By Geraldine Knatz Ph.D.
In 1924 newspaper man John B. T. Campbell began publishing a serialized novel in the Los Angeles Herald called the Rose of Los Angeles. It’s a love story set against the backdrop of the 1890’s Free Harbor Fight, the battle over whether funding to create the Port of Los Angeles would go to San Pedro or Santa Monica. Collis P. Huntington, one of the most powerful men in western railroading, led the forces to locate the harbor around his million dollar wharf constructed in Santa Monica. Senator Stephen M. White championed the cause of San Pedro. Both men, along with other real figures in Los Angeles history stride though the pages of this story. But the heroine of the story is the beautiful Rose, who lives on a ranch overlooking Santa Monica Bay. This is the story of how the beauty of one woman and her love for Lieutenant John Morgan, swung the sentiment of Los Angeles as its citizenry debated the fate of the harbor. Lieutenant Morgan came to Los Angeles to conduct a government survey of the two possible harbor locations. During the course of his survey work in San Pedro Bay, Morgan falls from his boat and the currents sweep him east toward Long Beach.
The Southern Pacific railroad tried to convince Congress that Santa Monica, where it controlled the waterfront, was a better place to invest in building a port. San Pedro, the railroad argued, was subject to siltation from westerly currents and their federal dollars would be wasted. This was a bold-faced lie! Morgan’s own dunking in the bay had convinced him that the currents moved east and the worry about silting in the harbor was unfounded. He testified to that fact before Congress. The novel has a happy ending: San Pedro gets its harbor breakwater and John Morgan gets the girl.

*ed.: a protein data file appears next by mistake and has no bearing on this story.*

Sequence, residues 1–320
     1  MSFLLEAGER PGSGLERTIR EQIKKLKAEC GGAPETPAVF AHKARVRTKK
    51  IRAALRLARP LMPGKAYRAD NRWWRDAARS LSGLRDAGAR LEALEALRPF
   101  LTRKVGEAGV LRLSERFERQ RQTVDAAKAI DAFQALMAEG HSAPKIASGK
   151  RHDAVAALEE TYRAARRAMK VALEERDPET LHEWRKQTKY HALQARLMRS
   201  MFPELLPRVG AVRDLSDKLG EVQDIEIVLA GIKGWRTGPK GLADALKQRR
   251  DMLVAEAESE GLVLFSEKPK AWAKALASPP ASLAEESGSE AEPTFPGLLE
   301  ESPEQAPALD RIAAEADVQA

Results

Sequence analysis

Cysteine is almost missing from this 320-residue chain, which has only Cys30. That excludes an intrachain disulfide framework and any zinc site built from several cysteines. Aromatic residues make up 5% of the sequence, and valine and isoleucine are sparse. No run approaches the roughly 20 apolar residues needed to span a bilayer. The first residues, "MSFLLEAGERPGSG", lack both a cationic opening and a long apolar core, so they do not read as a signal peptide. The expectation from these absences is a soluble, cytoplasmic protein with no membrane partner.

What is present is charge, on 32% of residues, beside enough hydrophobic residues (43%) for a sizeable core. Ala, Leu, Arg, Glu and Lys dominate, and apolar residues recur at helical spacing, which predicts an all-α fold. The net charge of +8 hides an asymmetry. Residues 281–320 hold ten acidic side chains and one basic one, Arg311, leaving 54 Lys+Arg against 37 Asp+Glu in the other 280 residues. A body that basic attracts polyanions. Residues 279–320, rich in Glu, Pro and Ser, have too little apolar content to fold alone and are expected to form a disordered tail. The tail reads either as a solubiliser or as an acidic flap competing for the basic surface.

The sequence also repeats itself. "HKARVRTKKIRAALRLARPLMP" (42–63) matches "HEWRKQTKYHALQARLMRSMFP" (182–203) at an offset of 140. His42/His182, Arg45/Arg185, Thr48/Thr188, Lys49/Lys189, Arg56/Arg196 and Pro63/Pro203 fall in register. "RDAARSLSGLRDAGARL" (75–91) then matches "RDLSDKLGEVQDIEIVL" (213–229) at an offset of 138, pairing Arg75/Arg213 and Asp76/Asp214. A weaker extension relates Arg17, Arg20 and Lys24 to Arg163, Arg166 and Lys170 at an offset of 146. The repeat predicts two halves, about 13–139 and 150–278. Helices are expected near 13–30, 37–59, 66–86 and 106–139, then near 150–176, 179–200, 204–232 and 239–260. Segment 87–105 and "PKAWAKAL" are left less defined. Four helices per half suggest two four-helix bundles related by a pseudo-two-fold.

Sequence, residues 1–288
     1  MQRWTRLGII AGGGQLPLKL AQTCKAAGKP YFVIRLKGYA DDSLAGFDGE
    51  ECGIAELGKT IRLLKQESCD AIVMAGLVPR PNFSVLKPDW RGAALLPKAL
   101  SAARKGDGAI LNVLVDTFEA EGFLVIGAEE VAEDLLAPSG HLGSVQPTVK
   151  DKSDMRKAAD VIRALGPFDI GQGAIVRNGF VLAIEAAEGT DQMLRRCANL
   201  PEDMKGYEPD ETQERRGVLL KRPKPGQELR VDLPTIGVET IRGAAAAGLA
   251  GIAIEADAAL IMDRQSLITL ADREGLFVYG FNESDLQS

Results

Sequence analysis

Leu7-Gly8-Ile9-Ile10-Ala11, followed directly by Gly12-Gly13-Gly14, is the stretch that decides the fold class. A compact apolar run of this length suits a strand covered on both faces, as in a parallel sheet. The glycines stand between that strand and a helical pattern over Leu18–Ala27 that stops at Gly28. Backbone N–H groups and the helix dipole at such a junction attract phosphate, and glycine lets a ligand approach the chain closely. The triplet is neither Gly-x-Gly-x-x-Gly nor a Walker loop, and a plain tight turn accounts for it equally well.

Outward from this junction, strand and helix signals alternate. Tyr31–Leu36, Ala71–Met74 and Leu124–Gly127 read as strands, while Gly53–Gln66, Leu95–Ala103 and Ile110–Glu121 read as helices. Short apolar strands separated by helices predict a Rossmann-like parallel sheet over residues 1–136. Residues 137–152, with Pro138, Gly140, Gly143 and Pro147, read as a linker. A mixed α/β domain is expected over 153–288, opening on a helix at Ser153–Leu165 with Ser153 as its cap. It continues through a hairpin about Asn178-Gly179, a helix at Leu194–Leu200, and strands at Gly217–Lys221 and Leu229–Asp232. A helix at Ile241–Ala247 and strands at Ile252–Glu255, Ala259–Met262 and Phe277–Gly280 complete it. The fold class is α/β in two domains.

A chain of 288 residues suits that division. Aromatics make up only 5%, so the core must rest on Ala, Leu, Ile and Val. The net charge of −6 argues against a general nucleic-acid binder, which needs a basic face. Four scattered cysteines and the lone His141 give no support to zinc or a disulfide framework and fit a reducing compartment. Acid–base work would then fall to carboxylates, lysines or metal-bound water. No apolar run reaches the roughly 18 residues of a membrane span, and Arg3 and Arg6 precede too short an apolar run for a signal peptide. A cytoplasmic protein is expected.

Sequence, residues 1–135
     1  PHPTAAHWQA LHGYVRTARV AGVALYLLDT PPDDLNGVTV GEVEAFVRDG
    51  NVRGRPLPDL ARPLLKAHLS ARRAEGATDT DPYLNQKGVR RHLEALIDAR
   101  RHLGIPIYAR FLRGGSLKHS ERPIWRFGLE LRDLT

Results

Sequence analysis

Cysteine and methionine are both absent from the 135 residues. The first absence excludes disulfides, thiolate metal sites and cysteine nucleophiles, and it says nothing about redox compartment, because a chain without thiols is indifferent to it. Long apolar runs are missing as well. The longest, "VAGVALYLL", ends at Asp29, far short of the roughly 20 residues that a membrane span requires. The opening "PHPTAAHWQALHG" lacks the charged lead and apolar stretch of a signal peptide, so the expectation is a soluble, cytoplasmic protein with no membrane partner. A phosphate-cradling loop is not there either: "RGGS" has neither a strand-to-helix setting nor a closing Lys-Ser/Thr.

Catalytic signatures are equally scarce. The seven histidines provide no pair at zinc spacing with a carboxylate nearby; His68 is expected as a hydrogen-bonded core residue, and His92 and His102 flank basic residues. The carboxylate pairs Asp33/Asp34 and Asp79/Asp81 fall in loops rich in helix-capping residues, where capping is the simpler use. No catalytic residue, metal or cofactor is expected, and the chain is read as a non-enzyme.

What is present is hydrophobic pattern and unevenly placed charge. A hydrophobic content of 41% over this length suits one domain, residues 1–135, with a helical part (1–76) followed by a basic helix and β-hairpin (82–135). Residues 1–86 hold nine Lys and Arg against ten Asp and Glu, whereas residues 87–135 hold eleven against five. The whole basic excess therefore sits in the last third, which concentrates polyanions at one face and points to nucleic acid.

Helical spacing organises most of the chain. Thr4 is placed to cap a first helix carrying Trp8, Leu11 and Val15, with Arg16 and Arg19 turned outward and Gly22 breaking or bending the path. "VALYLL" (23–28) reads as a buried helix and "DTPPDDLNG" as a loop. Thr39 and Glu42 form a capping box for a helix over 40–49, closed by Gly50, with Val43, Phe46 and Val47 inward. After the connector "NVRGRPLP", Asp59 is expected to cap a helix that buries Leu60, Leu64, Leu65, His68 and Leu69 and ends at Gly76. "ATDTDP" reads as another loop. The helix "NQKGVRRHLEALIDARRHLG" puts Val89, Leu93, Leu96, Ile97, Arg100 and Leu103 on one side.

The Rose of Los Angeles serial was so popular that it was published in book form in 1924, not because of its value in recounting the history of the Free Harbor Fight, but because Angeleno’s were obsessed with discovering the true identity of Rose. More than 2000 letters flooded the newspaper office seeking clues or suggesting Rose’s identity. Some letter-writers were convinced they were the inspiration for Rose!
Rose was a fictional character. The character of John Morgan, however, was based on the tragic story of Seaman Alexander Flood who fell overboard when conducting the actual U.S. Coast and Geodetic Survey on harbor currents. Flood was wearing one-piece waders which filled with water. His body was discovered three miles east of where he fell. Flood’s death was actually used to disprove the claim by the Southern Pacific Railroad about the harbor currents in San Pedro. His death was the ultimate public service.
For more stories about the history of the Port of Los Angeles, see Geraldine Knatz’s new book, Port of Los Angeles, Conflict, Commerce and the Fight for Control
About Geraldine Knatz Ph.D.:
With years of research and more than 200 maps and images, Geraldine Knatz shapes an insightful story of the Port of Los Angeles, from its early entrepreneurs to the city’s business and political leadership, and the inevitable conflicts that arose between them. Knatz digs into the back stories of the key players in a hardcore, well-documented piece of storytelling at its best. Port of Los Angeles matches a topic—the history of Los Angeles Harbor—with someone of unquestionable authority to tackle the subject. Knatz worked nearly four decades at the Ports of Los Angeles and Long Beach, her last eight years as Executive Director at Los Angeles. In this remarkable book, her expertise shows. Port of Los Angeles reads like a script for another Chinatown, only this time it’s about saltwater and controlling the waterfront, not drinking water and controlling the land. Knatz takes readers on a journey that will educate and inspire, and fills these pages with real-life intrigue, masterminds, and politics extraordinaire. Port of Los Angeles will leave the world’s maritime aficionados spellbound and historians in awe. A must-read for anyone who treasures the history of Los Angeles. “The Port of Los Angeles made this city. This very well might be “The Study” of what made modern Los Angeles.” —William Deverell, Director, Huntington-USC Institute on California and the West.